Earlier this summer, the Center for Science in the Public Interest (CSPI) bellyached to the FDA about omega-3-enriched eggs that promised "heart health" on the carton. The group’s executive director, Michael Jacobson, warned the press that the promotion would "bilk health-conscious consumers" and "hoodwink shoppers with a myriad of misleading and downright inaccurate claims." But the real consumer confusion isn’t over grocery aisle promotions — it’s over health-scare hype.

Today’s Los Angeles Times supported the science behind eggs’ nutritional claims, and CSPI ended up with yolk on its face: "Some researchers say that the confusion over blood cholesterol and dietary cholesterol may have resulted in the egg getting a far worse reputation than it deserves." And eggs’ reputation isn’t the only casualty of CSPI’s grocery gestapo. The group has attacked everything from milk to popcorn, creating nutritional tunnel vision on the food scare du jour.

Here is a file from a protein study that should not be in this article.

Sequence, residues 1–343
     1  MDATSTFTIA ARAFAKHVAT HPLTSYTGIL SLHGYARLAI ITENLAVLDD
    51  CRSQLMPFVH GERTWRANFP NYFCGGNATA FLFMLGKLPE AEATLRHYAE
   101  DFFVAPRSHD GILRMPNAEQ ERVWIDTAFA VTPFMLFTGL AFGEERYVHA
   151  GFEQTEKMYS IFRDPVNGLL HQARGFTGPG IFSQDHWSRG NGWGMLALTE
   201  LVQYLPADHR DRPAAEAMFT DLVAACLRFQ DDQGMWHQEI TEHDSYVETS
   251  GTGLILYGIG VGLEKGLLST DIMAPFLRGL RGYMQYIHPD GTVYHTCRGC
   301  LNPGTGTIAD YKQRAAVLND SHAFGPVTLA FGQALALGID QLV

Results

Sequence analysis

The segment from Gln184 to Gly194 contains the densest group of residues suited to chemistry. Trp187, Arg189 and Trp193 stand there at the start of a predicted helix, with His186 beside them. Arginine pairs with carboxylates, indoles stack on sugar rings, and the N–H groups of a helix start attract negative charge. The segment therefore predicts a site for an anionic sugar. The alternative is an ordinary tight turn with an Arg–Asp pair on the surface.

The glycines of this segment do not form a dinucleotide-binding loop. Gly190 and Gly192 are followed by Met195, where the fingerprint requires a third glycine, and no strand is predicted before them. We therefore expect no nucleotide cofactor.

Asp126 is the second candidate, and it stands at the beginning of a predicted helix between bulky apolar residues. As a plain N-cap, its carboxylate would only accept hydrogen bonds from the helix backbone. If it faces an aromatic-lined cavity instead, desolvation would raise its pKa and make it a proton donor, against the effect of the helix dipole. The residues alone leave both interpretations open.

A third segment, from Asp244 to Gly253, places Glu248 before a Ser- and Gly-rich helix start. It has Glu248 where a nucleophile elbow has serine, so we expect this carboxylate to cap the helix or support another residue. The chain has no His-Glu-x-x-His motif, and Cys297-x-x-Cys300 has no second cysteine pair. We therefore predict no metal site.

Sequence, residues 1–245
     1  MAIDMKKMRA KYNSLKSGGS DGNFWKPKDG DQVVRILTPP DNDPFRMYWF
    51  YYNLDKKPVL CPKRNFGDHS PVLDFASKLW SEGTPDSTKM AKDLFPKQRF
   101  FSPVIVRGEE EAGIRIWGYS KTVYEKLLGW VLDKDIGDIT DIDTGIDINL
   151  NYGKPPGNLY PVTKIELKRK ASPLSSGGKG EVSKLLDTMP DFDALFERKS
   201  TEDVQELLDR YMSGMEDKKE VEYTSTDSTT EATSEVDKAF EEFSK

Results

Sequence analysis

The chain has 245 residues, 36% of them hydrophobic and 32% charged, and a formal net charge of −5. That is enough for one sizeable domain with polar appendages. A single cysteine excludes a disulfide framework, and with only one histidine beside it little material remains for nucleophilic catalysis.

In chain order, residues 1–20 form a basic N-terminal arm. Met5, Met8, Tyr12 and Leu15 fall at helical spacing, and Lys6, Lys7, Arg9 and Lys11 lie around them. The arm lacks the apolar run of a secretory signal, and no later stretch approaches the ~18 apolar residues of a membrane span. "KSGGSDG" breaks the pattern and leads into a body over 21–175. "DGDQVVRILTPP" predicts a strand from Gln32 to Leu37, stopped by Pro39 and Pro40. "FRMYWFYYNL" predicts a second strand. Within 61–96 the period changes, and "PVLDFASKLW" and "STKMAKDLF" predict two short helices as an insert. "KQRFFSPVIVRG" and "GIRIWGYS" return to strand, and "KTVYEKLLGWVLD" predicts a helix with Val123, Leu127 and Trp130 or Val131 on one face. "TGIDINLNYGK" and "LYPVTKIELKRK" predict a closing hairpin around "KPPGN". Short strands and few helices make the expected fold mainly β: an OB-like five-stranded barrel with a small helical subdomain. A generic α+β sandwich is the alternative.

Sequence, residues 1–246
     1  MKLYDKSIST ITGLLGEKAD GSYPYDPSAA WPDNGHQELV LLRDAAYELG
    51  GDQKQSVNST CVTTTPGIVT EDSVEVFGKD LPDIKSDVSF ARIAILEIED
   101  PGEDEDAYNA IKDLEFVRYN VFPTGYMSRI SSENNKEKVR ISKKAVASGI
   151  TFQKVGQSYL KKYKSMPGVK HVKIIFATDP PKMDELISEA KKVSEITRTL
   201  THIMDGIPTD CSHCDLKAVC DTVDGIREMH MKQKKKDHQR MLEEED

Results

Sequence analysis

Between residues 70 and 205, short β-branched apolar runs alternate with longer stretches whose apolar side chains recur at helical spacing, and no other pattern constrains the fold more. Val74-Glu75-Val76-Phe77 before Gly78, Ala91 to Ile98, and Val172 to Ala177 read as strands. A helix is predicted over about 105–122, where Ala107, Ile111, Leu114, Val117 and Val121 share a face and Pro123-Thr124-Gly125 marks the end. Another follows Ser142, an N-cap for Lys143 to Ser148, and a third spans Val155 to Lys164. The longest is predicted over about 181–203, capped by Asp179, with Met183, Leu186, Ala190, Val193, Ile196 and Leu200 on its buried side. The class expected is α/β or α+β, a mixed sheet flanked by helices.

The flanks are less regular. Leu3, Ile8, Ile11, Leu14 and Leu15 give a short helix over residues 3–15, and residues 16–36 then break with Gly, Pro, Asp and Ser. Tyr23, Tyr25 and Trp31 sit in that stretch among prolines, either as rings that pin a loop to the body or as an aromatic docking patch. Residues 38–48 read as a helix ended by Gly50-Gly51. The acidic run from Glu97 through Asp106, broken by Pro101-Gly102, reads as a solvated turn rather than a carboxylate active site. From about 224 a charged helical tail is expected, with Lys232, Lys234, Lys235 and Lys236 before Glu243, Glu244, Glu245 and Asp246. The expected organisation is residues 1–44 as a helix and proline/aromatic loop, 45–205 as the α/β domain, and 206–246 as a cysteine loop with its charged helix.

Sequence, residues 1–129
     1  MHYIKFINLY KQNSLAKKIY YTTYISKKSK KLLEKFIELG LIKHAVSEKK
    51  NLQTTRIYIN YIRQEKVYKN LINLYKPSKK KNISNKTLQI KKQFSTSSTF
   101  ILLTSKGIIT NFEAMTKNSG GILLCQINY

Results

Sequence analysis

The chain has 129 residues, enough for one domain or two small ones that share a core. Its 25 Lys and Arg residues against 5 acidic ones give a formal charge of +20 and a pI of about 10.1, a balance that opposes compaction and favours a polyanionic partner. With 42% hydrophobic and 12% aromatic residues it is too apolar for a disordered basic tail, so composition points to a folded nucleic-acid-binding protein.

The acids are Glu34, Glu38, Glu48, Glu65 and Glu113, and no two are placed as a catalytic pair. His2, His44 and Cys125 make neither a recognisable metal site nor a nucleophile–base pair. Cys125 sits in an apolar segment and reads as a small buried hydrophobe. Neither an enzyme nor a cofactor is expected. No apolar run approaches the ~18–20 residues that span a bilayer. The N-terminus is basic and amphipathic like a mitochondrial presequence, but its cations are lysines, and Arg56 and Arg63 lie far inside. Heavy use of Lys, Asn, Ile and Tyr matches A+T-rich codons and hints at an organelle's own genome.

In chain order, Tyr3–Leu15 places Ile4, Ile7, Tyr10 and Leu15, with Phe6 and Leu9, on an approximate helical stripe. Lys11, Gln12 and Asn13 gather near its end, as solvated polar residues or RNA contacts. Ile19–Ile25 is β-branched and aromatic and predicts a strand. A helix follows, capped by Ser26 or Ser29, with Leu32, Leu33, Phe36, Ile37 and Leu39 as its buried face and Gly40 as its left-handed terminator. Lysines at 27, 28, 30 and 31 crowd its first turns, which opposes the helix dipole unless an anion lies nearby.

CSPI is aware of the ramifications of its over-the-top message. Jacobson told the Associated Press this weekend that the very same trans fat labels that CSPI campaigned to put on packaged foods may lead to consumers "focusing too much on the trans fat content alone and not considering other ingredients." But — even though the food cops realize that zeroing in on a single item hurts broader nutritional messages — they’re still pushing for myopic measures like menu-labeling.